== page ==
According to the Book of Acts, shortly after St Peter’s first great sermon and the conversion of three thousand people, a miracle occurred that underlined Christ’s continued power to both relieve suffering and transform lives.
Pope Francis begins the story: “Peter and John go to pray at the Temple, the centre of Israel’s experience of faith, to which the early Christians were firmly attached. The first Christians used to pray in the Temple in Jerusalem. Luke records the time: it is the ninth hour, that is 3:00 PM, when the sacrifice is offered as a sign of the people’s communion with their God; and also the time at which Jesus died, offering himself “once for all” (Hebrews 9:12; 10:10). And at the Temple gate which is referred to as “Beautiful” — the Beautiful Gate — they see a beggar, a man paralysed from birth.”
Every day, this man was carried by his friends and laid at the gate of the Temple, to beg for money from those who entered. When he saw St Peter and St John on their way in, he pleaded with them for help. So St Peter said to him: “I have no silver or gold, but what I have I give you; in the name of Jesus Christ of Nazareth, stand up and walk.” On the spot, the man rose and leaping for joy, entered the Temple praising God.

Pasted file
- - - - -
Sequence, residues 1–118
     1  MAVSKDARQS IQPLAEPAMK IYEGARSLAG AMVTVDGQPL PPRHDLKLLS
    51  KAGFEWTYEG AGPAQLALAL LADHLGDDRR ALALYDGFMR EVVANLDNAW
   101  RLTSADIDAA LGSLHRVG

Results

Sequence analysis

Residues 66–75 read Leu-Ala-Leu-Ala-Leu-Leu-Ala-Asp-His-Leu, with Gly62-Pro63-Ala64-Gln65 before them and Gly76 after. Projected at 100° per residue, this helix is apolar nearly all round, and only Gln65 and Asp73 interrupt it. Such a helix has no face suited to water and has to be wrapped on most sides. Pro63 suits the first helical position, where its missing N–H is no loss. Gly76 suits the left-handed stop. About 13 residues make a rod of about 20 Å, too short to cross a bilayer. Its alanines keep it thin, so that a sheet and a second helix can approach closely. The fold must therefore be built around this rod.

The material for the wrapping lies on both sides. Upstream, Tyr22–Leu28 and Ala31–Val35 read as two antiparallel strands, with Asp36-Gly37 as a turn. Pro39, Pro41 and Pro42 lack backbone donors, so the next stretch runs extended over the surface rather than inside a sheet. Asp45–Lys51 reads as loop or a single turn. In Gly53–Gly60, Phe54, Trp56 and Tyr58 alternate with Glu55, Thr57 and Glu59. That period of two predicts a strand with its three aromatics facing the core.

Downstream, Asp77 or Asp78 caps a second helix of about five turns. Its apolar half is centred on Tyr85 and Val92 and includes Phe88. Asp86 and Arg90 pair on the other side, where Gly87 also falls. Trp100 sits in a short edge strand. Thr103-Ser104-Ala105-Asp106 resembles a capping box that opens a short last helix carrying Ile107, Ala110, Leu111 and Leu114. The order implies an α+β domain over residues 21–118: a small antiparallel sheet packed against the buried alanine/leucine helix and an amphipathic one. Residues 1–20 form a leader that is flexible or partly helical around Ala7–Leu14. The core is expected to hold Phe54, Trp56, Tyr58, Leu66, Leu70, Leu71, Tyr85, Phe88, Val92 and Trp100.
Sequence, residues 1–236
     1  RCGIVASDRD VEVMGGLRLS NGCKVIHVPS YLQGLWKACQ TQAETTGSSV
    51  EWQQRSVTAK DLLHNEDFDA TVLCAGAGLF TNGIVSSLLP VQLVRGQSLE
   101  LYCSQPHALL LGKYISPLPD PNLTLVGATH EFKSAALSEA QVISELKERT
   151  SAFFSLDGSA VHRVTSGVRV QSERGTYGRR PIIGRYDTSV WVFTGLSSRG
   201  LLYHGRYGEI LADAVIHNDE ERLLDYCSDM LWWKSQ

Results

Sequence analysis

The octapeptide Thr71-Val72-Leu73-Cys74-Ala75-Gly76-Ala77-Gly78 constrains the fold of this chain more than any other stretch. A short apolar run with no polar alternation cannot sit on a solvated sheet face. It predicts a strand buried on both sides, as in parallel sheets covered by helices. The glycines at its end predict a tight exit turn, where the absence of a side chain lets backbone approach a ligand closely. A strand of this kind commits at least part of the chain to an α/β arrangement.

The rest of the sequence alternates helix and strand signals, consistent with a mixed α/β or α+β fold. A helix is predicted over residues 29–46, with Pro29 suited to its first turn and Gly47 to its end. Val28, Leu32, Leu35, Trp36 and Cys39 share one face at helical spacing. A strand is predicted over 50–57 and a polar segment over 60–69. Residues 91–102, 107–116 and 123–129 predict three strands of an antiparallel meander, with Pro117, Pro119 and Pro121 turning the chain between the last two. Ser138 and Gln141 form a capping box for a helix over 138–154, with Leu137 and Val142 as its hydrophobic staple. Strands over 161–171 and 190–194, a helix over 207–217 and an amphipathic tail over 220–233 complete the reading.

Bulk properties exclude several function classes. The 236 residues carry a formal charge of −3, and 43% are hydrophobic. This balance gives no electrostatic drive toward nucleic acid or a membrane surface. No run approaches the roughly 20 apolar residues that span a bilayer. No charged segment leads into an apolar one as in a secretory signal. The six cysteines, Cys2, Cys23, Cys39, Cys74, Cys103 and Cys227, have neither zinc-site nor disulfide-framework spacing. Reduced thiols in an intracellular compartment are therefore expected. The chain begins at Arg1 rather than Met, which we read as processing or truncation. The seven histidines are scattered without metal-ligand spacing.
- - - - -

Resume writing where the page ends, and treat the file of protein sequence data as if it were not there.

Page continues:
When the crowd saw the miracle, they were dumbfounded. St Peter, seeing their astonishment, said: “Why do you wonder at this, or why do you stare at us, as though by our own power or piety we had made him walk? The faith that is through Jesus has given him this perfect health in the presence of all of you.” These words, as well as the miracle itself, made such a great impression on the crowds that five thousand people were converted that same day.
Pope Francis reflected: “Peter invokes Jesus’ name, he commands the paralysed man to stand upright like the living; standing, and he touches this ill person, that is, he takes him by the hand and raises him up, a gesture in which Saint John Chrysostom sees “an image of Resurrection” (Homilies on the Acts of the Apostles, 8). And here appears a portrait of the Church that sees those in difficulty, that does not close her eyes, that knows how to look humanity in the face in order to create meaningful relationships, bridges of friendship and solidarity in place of barriers.”
This mural of St Peter healing the disabled man is found within the sanctuary of St Peter’s church, Bloxwich. It’s part of a series of murals that tell the story of his life and of his relationship with Christ. The original artist and date of their creation is unknown, but their simplicity – in terms of featuring only two people in each image – make them particularly striking. The wall paintings were restored by the Hardmans Studio in 1954.
See the full image:
Where to find this work of art
St Peter’s, Bloxwich
Read the relevant passage